Friday, May 8, 2009

Context Sensitive Help in Eclipse (Version 3.4 - Ganymede)


This article will explain and walk you through on how to add context sensitive help to your Eclipse application. Also, it touches upon how to implement programmatic help in Eclipse.

Adding context extension:

Open plugin.xml of your help plugin (or your source plugin, if you have help files in your source plugin itself) . Go to extensions and add extension point. Create contexts element inside it which has two attributes - file and plugin. The file attribute points to your contexts.xml (we will discuss the details of contexts.xml below) and the plugin attribute points to the plugin for which context sensitive help is needed. The plugin attribute is very useful, and allows any plugin to contribute to the context help of other plugins. This provides extensibility. Below is an example of this extension point:



This file lists the various context ids. The root element is contexts and it can have many context elements. Each context has id and title attributes and it has description and topic elements. A context can have multiple topics each pointing to a html location. PDE has support for editing contexts xml file. You should be able to right click on contexts and add context, edit attributes of context etc., using the PDE editor. Below is an example of a sample contexts xml file:

<context id="package_explorer_view" title="Package Explorer View">
<description>Short description of package explorer view
<topic href="html/views/packageExplorer.html" label="Package Explorer View"/>
<context id="java_editor" title="Java Editor">
<description>Short description of java editor
<topic href="html/editors/javaEditor.htmll" label="Java Editor"/>

Setting context ids in the code:

Now that we have defined the contexts file and the context ids, it is time to associate the views and editors in the application to those context ids. You can set the context ids for your control using this:

IWorkbenchHelpSystem helpSystem = PlatformUI.getWorkbench().getHelpSystem();
helpSystem.setHelp(control, "");

Note that context id has the plugin name prefixed to it. The contex id in itself (i.e without the prefix) should not have whitespaces or periods.

Also, context id's are inherited by the child controls. You can override by setting the context id for each of your child control. If not, they would use the parent context id.

Invoking Help:

Now, whenever you press F1, it will display context sensitive help. It can either appear in infopopup or the Help view. You can control that using the preference in
Window->Preferences->Help. It has option to show context sensitive help in either the help view or in the infopopup. The bottom of the infopopup also has option to show the context in help view.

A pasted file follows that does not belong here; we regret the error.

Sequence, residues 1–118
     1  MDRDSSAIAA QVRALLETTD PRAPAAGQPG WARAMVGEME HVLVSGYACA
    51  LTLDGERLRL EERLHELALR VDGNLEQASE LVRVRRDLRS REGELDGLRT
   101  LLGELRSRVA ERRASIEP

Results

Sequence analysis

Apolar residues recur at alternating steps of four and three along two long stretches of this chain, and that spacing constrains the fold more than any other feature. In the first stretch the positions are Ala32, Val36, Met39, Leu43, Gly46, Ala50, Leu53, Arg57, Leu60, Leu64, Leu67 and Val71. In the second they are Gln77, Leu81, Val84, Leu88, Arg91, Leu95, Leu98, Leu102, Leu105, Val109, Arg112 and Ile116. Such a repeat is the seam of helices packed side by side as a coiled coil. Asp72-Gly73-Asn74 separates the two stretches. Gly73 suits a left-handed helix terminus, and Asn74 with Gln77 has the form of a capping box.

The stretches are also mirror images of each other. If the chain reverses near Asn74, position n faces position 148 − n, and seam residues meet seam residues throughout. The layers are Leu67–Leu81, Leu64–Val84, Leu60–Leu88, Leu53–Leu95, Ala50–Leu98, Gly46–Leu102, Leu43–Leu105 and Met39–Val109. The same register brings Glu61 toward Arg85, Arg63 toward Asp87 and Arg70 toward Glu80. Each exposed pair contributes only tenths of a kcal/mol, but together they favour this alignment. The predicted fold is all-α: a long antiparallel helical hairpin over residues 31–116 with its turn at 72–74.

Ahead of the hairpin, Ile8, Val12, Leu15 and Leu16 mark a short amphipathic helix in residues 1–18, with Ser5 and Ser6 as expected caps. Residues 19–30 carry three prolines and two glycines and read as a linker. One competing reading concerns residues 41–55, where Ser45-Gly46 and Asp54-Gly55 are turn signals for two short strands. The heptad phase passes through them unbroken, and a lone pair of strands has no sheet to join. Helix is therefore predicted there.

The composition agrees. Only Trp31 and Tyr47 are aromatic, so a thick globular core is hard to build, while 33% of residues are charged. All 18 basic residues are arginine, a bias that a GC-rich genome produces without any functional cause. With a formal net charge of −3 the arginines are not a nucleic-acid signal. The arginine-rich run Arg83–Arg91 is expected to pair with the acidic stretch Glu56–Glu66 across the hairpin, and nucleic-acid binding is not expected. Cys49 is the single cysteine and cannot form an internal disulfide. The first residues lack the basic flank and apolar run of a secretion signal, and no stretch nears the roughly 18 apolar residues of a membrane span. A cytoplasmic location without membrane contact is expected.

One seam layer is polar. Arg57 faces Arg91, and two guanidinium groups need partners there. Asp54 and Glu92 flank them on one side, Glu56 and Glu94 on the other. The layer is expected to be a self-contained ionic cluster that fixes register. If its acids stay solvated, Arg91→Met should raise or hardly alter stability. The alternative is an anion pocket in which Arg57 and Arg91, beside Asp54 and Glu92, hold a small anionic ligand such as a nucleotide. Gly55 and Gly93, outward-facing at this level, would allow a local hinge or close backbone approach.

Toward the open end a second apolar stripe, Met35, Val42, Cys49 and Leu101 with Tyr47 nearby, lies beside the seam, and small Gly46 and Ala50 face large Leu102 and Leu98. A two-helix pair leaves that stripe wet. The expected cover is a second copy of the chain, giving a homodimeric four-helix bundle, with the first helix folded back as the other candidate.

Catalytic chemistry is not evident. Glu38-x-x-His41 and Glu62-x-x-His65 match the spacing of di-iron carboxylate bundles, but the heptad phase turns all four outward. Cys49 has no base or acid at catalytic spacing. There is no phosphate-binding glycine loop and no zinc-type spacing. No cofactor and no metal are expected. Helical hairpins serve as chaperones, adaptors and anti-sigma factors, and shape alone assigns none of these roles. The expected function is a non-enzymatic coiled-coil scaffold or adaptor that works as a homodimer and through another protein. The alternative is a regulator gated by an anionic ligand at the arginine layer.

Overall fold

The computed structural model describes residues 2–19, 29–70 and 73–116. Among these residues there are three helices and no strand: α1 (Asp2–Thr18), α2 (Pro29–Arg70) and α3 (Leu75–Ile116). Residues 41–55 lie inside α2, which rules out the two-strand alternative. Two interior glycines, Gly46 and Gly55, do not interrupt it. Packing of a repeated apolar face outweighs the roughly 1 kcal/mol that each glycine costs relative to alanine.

Adding Dynamic Help menu item:

Dynamic Help view is the same help view which appears when F1 is pressed. If you wish, you can add it to your Help menu (like in Eclipse IDE) by adding command under your menu. Also, don't forget to register this action in your ApplicationActionBarAdvisor class.

action = ActionFactory.DYNAMIC_HELP.create(window);

The dynamic help view changes content based on the active selection. For example, if you are in package explorer, it will show help for that view and then when you move selection from there to java editor, it will display the contents related to the java editor.

Programmatic Help:

Eclipse also provides API to access the help system programmatically. For example, if you want to open the global help or the context help for a particular editor upon pressing a button, you can do so by using the API. IWorkbenchHelpSystem has various methods to access help. Some of the common useful ones are:


displayHelp(String contextId);

displayHelpResource(String htmlUrl);

setHelp(Control control, String contextId);

Below is a code snippet for displaying the context help when help button is pressed:

Button help = new Button(buttonsComposite, SWT.PUSH);
GridData gridData = new GridData(SWT.BEGINNING, SWT.BEGINNING, false, false);
help.addSelectionListener(new SelectionAdapter() {
public void widgetSelected(SelectionEvent evt) {
IWorkbenchHelpSystem helpSystem = PlatformUI.getWorkbench().getHelpSystem();


We saw how to add the required contexts extension, details of contexts xml file and how to associate context ids in the code. We also discussed about adding dynamic help, how to add it to the menu and how to access the help system programmatically. Hope this article helps you in implementing context sensitive help in your eclipse application.


Ilango said...

Raja, I can't follow this line: "Open plugin.xml of your help plugin (or your source plugin, if you have help files in your source plugin itself) "

Please help me understand this. Thanks.

Raja said...

Hi Ilango,

Best practice is to have documentation for your source plugin in a separate plugin i.e for every source plugin have a corresponding help/documentation plugin. If you follow this, open the plugin.xml of your help plugin. If not, use plugin.xml from your source plugin.

Hope this helps,

- Raja.

Raja said...

Hi Ilango,

You can also look at my other previous post for more info on Eclipse Help in general.

Unknown said...

Hey raja,
I want to open dynamic help context on selection of a text in the editor and want to display that text in the help window. How can i achiecve this. I will be very much thankful if you could provide code snippet.

chbohm said...

Hi Raja,
here is a very good page where you can find information on how we could use DITA in order to create Conext Sensitive Help

Eclipse RCP Documentation Development with DITAworks

Unknown said...

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Unknown said...

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Unknown said...

Unknown said...

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